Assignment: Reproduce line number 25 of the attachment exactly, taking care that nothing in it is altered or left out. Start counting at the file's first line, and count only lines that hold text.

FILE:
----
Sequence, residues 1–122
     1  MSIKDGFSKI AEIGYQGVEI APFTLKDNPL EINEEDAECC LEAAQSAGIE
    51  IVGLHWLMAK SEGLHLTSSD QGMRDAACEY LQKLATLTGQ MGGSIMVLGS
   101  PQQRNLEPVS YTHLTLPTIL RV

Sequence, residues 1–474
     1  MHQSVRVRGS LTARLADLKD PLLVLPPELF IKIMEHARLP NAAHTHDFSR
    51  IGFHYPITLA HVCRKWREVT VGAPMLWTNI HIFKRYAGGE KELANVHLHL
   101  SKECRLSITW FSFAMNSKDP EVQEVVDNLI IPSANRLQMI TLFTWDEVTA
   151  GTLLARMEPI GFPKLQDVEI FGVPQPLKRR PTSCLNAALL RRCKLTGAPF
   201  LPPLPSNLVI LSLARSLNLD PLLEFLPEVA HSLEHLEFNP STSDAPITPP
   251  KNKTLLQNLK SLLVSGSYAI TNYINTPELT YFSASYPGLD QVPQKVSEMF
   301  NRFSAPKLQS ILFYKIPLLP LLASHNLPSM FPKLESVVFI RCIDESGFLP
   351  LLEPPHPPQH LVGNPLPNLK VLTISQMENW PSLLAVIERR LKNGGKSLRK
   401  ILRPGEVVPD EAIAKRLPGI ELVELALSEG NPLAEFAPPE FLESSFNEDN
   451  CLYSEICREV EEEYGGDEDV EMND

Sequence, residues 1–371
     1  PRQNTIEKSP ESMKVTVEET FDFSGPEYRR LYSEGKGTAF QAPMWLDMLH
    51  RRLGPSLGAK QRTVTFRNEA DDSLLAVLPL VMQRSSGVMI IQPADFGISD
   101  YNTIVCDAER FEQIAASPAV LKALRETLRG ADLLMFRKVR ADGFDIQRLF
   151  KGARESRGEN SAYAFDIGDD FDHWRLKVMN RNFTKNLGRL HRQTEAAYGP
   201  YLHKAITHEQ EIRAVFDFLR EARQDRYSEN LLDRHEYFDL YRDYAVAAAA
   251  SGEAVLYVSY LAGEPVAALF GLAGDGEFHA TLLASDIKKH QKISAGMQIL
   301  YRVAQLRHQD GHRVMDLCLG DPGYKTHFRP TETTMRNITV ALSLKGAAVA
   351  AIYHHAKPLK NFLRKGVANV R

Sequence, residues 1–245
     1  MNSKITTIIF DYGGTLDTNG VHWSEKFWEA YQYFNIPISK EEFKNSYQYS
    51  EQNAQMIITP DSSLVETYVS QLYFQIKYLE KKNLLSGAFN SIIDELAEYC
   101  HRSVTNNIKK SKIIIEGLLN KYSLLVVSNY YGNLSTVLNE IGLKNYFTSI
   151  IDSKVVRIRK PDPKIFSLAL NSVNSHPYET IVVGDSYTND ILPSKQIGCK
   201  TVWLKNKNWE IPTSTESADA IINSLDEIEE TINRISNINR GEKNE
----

Sequence, residues 1–245